A local newspaper in Charleston advocates for the Black community

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November 3, 2021

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On August 21, 2021, The Post and Courier published a piece by Adam Parker and David Slade titled, ‘Census shows Charleston city and county losing Black residents’, which brought attention to how Charleston has lost more Black residents in the past ten years than ever before.

The authors reported that Charleston lost 11,700 Black community members between 2010 and 2020 despite every other city or county in the state having an increase in Black and minority residents. The article further notes that the Black population in Charleston reached an all-time high in the 1960s, but has since been slowly declining, with “more affluent White people” taking charge of the city’s growth. 

So, why are Black community members being pushed out? Parker and Slade upheld that the city’s personal economic advantages are far more important than keeping Black communities prospering. Their story fits into the category of advocacy journalism because it seeks to promote a social, economic, or political issue.

Advocacy journalism is a way for journalists to include “certain stories, voices, and perspectives” to illustrate support for a cause. And while advocacy journalism often strays away from objectivity, it is important for journalists to “take a stance” and have “honest conversations” with their community — exactly what the authors of this article did. 

Parker and Slade highlighted the economic disadvantages through stories of local Black residents whose businesses and neighborhoods have been integral parts of the Charleston community but since have been overlooked to economically benefit the city. The article begins with the story of a 71-year-old Black man, Herman Whitney, a longtime resident of Charleston and eyewitness to the generational changes taking place. Whitney told the paper that his family’s store was an essential part of the community until it was torn down for a highway.

The store was located in a predominantly Black neighborhood, West Side, but with the creation of the Crosstown highway, approximately 150 businesses and residences were displaced, including his.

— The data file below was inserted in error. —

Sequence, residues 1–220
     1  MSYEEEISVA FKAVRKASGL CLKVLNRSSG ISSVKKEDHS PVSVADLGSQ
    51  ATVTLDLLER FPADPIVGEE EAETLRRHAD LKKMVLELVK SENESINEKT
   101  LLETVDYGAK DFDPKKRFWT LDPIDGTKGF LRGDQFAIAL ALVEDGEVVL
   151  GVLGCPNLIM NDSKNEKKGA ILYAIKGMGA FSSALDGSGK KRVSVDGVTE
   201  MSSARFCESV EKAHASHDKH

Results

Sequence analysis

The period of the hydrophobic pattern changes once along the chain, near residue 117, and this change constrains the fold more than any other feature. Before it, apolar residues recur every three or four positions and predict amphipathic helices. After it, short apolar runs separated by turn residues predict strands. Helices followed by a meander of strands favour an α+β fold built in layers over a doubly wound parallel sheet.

“White people always decide what happens economically, and always profit,” Whitney said.

And that’s not the only account of change in the community. Carolyn Wright-Porcher’s story tells the audience that without acquiring her family home after her father passed, she could not afford to have a safe place to reside in Charleston.

Wright-Porcher has seen gentrification in her neighborhood via rent increases. She believes that community improvement is necessary, but believes the city is doing so knowing that it’s leaving Black people behind. 

“I know change has to happen, but it seems to happen without regard for culture and history.”

The framing of the article is crucial because it allows for Black community members to tell their story, rather than have their story told by someone else. It gives them a voice in a community that historically has left them out, precisely why pieces like these are essential to journalism.

Especially with the population increase in Non-Hispanic and Caucasian residents in Charleston, groups such as these may not be aware of the issues outside of their own circle.

And while no identifiable specific change has come about from this article, it is crucial for journalists to use their power to raise awareness on the issues at hand and hold community leaders accountable.

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